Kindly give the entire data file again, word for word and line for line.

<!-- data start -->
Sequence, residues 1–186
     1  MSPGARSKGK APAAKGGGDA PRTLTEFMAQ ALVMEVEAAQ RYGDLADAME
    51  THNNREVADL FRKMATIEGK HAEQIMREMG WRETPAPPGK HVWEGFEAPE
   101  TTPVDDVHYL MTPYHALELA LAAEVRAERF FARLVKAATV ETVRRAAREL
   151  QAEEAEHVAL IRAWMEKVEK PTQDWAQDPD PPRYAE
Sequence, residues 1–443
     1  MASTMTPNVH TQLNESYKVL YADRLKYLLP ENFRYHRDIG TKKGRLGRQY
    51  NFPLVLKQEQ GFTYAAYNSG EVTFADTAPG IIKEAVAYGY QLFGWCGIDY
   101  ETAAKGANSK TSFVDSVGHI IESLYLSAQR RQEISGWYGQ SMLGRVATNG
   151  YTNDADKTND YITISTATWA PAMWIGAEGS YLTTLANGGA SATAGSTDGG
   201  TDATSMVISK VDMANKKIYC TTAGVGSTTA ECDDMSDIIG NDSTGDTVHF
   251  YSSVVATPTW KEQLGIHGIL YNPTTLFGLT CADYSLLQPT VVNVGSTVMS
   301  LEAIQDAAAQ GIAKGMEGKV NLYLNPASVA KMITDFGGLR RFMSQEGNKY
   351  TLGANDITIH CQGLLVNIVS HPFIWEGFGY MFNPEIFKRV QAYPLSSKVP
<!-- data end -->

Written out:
Sequence, residues 1–186
     1  MSPGARSKGK APAAKGGGDA PRTLTEFMAQ ALVMEVEAAQ RYGDLADAME
    51  THNNREVADL FRKMATIEGK HAEQIMREMG WRETPAPPGK HVWEGFEAPE
   101  TTPVDDVHYL MTPYHALELA LAAEVRAERF FARLVKAATV ETVRRAAREL
   151  QAEEAEHVAL IRAWMEKVEK PTQDWAQDPD PPRYAE
Sequence, residues 1–443
     1  MASTMTPNVH TQLNESYKVL YADRLKYLLP ENFRYHRDIG TKKGRLGRQY
    51  NFPLVLKQEQ GFTYAAYNSG EVTFADTAPG IIKEAVAYGY QLFGWCGIDY
   101  ETAAKGANSK TSFVDSVGHI IESLYLSAQR RQEISGWYGQ SMLGRVATNG
   151  YTNDADKTND YITISTATWA PAMWIGAEGS YLTTLANGGA SATAGSTDGG
   201  TDATSMVISK VDMANKKIYC TTAGVGSTTA ECDDMSDIIG NDSTGDTVHF
   251  YSSVVATPTW KEQLGIHGIL YNPTTLFGLT CADYSLLQPT VVNVGSTVMS
   301  LEAIQDAAAQ GIAKGMEGKV NLYLNPASVA KMITDFGGLR RFMSQEGNKY
   351  TLGANDITIH CQGLLVNIVS HPFIWEGFGY MFNPEIFKRV QAYPLSSKVP